Shiftable member 30 is in the form of a block as shown in FIG. 4a. The block is typically of the same material as support element 12 and the block has a passage 32 therethrough for slideably receiving support element 12. Traveling block 30 also has a pair of parallel, pin-receiving holes 34 therethrough which are aligned with slot 24 in support element 12. Holes 34 are adapted to receive pins which are adapted to couple the splint 10 to the distal fragment of the radius. Set screws 35 are used to lock the pins in place.

Worm 28 is journalled at its ends in traveling block 30, and the worm extends along and partially projects into opening 32. Also, the worm is in coupled relationship with rack 24 so that, upon rotation of the worm, such as by a tool coupled with a head 29 (FIG. 4) of the worm, traveling block 30 will be caused to advance in one direction or the other along the length of support element 12 depending upon the direction of rotation of the worm. Thus, the positions of holes 34 longitudinally along support element 12 can be adjusted as needed or desired.

The proximal end of support element 12 has an inclined face 40 from which a cylindrical mounting member 42 projects. The mounting member 42 partially extends into a crescent shaped recess 44 formed by a concave inner face 46 (FIG. 3) at the end of support element 12, the axis of the concavity being coincident with the axis 42a of mounting member 42. A pair of side rails 48 (FIGS. 2-4) extend along surface 16 of support element 12 in a direction away from the distal end thereof as shown in FIG. 4. Rails 48 are integral with support element 12 and define a space 50 therebetween for receiving an extension 52 of a worm gear member 54 having a normally inclined worm gear 56 integral with extension 52 as shown in FIGS. 2 and 5. Worm gear 56 has a central hole 58 therethrough and a plurality of gear teeth 60 on a portion of its outer periphery remote from extension 52 as shown in FIG. 5.

Worm gear member 54 is adapted to be rotatably coupled to a cylindrical end part 61 on an inclined face 62 of a proximal end element 63. Element 63 has a convex end face 64 which is adapted to be complementally received with the concave recess 46 (FIG. 3) partially surrounding mounting member 42. Element 63 has a bore 65 extending into an inclined face 67 thereof and the bore is adapted to rotatably receive mounting member 42, whereby block 63 can rotate about the axis 42a of mounting member 42 relative to support element 12.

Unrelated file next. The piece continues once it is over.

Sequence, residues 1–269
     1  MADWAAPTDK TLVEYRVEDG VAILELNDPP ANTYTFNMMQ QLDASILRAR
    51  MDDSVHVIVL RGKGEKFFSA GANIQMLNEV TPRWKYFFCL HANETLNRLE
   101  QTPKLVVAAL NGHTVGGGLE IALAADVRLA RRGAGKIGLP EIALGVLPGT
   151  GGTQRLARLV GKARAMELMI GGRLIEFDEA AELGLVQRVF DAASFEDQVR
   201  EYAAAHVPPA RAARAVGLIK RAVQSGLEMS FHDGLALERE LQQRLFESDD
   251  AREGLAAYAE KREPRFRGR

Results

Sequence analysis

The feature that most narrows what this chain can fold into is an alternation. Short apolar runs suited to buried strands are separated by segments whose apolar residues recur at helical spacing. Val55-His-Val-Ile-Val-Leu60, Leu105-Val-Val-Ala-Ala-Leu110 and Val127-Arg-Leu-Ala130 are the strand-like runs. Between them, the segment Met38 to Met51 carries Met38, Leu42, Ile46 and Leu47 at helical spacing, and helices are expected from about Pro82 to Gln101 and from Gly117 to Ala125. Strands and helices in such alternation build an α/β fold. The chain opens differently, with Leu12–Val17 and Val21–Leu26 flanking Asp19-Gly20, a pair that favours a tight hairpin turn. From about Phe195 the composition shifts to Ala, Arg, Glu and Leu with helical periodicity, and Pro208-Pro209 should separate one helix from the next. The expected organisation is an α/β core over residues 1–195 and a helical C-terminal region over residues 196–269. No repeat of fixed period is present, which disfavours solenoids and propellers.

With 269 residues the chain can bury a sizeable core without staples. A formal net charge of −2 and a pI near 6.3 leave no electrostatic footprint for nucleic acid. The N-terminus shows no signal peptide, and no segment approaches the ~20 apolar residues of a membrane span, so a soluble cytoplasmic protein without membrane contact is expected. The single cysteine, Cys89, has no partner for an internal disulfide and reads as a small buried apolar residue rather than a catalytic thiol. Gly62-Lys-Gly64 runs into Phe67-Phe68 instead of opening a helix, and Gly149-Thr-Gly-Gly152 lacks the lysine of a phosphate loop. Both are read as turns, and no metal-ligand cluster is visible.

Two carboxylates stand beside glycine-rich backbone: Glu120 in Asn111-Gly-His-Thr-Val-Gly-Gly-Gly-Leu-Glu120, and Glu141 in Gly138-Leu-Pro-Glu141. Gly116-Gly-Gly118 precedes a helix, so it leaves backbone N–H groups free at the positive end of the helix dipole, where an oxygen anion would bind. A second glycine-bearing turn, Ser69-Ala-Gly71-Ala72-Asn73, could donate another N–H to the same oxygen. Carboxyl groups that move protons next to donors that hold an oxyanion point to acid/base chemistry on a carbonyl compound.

End part 61 is adapted to be rotatably received within the hole 58 of gear 56 when extension 52 is secured by screws 53 to support element 12 between rails 48, the screws 53 being received in threaded holes 55 in space 50.

A worm 70 is journalled at the ends thereof as shown in FIG. 6 on element 63, the worm being in mesh with the teeth 60 of worm gear 56 when end part 61 is rotatably received in hole 58 of the worm gear. Worm 70 has a tool receiving hole 72 in one end thereof for rotation of the worm in opposed directions relative to element 63. When so rotated, the worm will move relative to the teeth 60 of gear 56. The gear will remain stationary relative to support element 12, and element 63 will rotate about the central axis 42a of mounting member 42.

Element 63 has a first pin receiving hole 74 therethrough, the hole extending at an angle to the central axis of cylindrical end part 61 as shown in FIG. 2. A set screw 76 is used to bear against a pin in hole 74 to releasably lock the pin in place.

A second pin receiving hole 78 extends parallel to hole 74 near the outer or proximal end of the element 63 as shown in FIGS. 2 and 6. A set screw 80 is used to lock a pin in hole 78.